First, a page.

Existing regulations provide that all dispensers (usually pharmacists) report to KASPER when any Schedule II through Schedule V controlled substances are dispensed. For the first time, new regulations provide that all prescribers must request a KASPER report before Schedule II, III and some IVs are prescribed. A list of certain Schedule IV controlled substances, which are known to be used or diverted, is attached.
Shared Investigative Information
HB1 requires that when a complaint about prescription abuse is lodged with any of several investigative agencies – the Attorney General, Kentucky State Police (KSP), CHFS, or any of the professional licensure boards – that complaint must be shared with the remaining agencies.
Previously, if KSP was investigating a possible pill mill, the agencies that licensed that clinic were not required to be notified, nor would they be compelled to contribute information to the case.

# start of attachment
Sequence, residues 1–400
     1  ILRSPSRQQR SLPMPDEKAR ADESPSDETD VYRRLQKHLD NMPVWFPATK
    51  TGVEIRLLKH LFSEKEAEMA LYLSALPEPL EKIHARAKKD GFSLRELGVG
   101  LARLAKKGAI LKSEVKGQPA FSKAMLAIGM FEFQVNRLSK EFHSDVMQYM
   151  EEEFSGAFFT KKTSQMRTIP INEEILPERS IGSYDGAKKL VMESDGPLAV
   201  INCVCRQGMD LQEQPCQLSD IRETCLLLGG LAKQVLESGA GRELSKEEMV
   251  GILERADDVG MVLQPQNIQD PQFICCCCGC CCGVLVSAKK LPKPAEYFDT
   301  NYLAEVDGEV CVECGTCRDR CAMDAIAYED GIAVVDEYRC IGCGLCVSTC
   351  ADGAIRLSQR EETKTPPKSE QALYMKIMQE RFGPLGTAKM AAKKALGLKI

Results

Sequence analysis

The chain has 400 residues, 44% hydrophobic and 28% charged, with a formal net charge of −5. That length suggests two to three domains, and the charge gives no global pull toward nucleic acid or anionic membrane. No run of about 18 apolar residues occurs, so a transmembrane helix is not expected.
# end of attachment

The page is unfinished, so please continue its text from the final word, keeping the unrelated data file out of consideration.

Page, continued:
The Attorney General, KSP, CHFS and the six professional licensure boards have signed a memorandum of understanding to notify the other agencies of prescription complaints within three days of receipt. This will allow the investigators to share information quickly.
The six professional boards – Medical Licensure, Nursing, Dentistry, Pharmacy, Podiatry and Optometry – are required to share reports with the Attorney General, KSP and CHFS but not required to share among each other. This alleviates concerns that the professional organizations would be forced to report information to other boards that have no jurisdiction over the complaint.